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J Biol Chem. 1993 Feb 15;268(5):3048-51.

Carbohydrate residues modulate the activation of coagulation factor X.

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COR Therapeutics Inc., South San Francisco, California 94080.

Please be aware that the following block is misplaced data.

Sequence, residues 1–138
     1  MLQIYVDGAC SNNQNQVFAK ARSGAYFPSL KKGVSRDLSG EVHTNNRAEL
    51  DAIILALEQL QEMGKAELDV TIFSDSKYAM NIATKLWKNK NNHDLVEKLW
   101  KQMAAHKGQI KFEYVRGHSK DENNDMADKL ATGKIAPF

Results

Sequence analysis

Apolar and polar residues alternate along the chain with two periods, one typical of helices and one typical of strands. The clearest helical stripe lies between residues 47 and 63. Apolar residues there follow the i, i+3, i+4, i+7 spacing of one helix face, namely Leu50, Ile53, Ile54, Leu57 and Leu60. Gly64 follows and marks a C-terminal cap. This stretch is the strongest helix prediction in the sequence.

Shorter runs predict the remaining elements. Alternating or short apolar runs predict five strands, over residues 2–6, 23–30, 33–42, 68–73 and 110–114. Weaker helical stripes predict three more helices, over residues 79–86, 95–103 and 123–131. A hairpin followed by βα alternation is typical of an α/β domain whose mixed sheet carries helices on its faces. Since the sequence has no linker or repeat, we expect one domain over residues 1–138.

Factor X is a plasma protein involved in both the intrinsic and extrinsic pathways of blood coagulation. Post-translational modifications of the protein involve gamma-carboxylation of specific glutamic acid residues, beta-hydroxylation of one aspartic acid residue, and N- and O-linked glycosylation. Even though it is known that gamma-carboxylation is instrumental in regulating biological activity, the role of glycosylation in the function and properties of factor X has not been previously investigated. We utilized lectin binding and glycosidase treatment to investigate the functional role of carbohydrates on the activation peptide of factor X. Sambucus nigra agglutinin, a lectin that binds to sialic acid terminally linked alpha(2-6) to galactose or N-acetyl-galactosamine inhibits activation of human factor X in a dose-dependent manner. Inhibition of activation was observed for both intrinsic (factor IXa/VIIIa) and extrinsic (factor VIIa/tissue factor) pathway complexes. In accordance with this, selective removal of sialic acid residues on the activation peptide of factor X by neuraminidase also results in a drastic reduction of activation of the zymogen by these complexes. Corresponding reduction of activity in classical clotting assays (activated partial thromboplastin time and prothrombin time) also agrees with this observation. These results suggest a possible role of N-linked carbohydrates in the activation of factor X.

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